Josh Villalta

REVIEW: Nita Strauss – Controlled Chaos (2018)

NITA STRAUSS – Controlled Chaos (2018 Sumerian Records)

Nita Strauss became a household name touring the world and playing lead guitar with Alice Cooper.  Her natural ability and charisma ensured that the next question would be “when is she putting out a solo album?”  In 2018 Strauss released her entirely instrumental debut Controlled Chaos, playing everything except drums and keyboards.

Her choppy rhythm on “Alegria” soon gives way to extremely melodic (and fast) lead work.  Strauss’ talent seems to be taking a melody and making it as exciting as possible with only six strings.  There are shades of Yngwie, Joe and other assorted big-namer instrumentalists without sounding like any specific one.  The weakness is unfortunately the drums (by Josh Villalta) which are robotic and flat.  “Our Most Desperate Hour” sports blurry fast drum blitzes that should be exciting but instead sound artificial.  Worst track:  “Mariana Trench” due to long stretches of bland double bass.  Fortunately this album is more about the guitar.  Lots and lots of guitar.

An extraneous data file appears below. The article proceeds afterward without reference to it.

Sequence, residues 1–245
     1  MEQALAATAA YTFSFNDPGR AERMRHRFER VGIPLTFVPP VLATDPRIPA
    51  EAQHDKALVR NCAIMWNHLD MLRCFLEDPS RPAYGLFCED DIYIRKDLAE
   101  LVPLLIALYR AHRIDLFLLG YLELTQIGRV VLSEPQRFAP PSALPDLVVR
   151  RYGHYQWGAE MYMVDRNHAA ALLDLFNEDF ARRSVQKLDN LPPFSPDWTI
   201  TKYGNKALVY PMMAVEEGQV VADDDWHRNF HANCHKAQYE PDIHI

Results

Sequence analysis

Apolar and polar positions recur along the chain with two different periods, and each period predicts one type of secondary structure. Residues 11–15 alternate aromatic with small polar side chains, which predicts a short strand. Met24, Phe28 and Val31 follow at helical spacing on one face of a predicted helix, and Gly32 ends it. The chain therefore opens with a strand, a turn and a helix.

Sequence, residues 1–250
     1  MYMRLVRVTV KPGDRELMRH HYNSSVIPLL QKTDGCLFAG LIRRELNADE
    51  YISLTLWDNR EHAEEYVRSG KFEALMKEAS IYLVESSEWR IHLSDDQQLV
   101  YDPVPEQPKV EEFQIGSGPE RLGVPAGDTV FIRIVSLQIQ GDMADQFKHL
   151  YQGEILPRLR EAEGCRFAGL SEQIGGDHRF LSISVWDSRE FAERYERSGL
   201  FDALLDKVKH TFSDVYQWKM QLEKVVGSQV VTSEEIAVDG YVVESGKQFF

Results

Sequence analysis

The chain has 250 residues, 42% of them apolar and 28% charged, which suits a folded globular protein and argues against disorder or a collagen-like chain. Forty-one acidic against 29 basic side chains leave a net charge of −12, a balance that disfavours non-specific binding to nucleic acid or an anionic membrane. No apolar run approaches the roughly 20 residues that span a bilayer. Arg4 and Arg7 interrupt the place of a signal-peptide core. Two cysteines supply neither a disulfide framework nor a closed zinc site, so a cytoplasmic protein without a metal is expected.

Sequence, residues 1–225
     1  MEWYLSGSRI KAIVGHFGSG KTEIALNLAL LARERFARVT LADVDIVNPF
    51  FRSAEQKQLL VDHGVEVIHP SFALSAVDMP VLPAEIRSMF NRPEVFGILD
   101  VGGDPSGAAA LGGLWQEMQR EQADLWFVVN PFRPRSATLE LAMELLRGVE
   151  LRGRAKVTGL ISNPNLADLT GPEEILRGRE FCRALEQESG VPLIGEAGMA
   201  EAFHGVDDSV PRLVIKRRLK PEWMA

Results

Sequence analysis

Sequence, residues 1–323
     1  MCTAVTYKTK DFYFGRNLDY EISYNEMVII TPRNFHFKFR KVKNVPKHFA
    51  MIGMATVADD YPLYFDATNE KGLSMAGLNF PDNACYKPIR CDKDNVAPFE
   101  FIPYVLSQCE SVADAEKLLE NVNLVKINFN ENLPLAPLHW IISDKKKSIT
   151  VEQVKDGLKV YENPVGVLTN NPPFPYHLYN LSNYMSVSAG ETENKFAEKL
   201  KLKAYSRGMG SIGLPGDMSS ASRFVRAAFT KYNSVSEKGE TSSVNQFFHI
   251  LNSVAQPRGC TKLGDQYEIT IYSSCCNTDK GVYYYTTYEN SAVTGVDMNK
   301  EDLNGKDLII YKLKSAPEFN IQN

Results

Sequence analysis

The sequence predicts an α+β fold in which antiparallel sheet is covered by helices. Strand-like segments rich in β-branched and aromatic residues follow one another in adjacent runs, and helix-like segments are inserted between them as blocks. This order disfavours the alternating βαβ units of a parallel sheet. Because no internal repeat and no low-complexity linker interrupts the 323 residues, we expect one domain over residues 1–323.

Track after track, Nita blazes a tapestry of technique.  Her guitar creates moods — tension is in the air.  But she also does excellent ballads.  “Here With You” is the first.  Guitar instrumental ballads are a thing unto themselves.  She creates a powerful presence on “Here With You” with layers of guitars working together.

“The Stillness at the End” is a an examination of one of Nita’s techniques: densely layered guitars in harmony.  Here she mostly forgoes speed in favour of building up the melodies.  Keyboards are used sparingly, such as the intro to “The Quest” which goes full Yngwie in dragon-hunting mode.  But ballads like “Hope Grows” might give us a better look at Nita’s inner workings.  The sparse arrangement lets you really hear the feeling in her playing.  She has an excellent sense of composition, knowing exactly when to throw on some emphasis.  Indeed, I’ll go out on a limb and say that the ballads are the best tracks.

“Lion Among Wolves”, “Pandemonium 2.0” and “The Show Must Go On” all have their own guitar thrills to enjoy.  “Pandemonium” stands out due to an excellent outro guitar melody.  And if you’re wondering, “Hey, is ‘The Show Must Go On'” the old Queen song?  Indeed it is, featuring Nita sharing the stage with a cello (Tina Guo).  Great choice on which to end the album.  The cello solo is freaky.

Controlled Chaos is a good debut.  The drums are a sonic stumbling block.  As far as playing, composition and entertainment, Nita delivers the goods.  The songs could use a little more variety to give them album some texture, but there is plenty of room for Strauss to grow as her career is just going to get bigger.

3/5 stars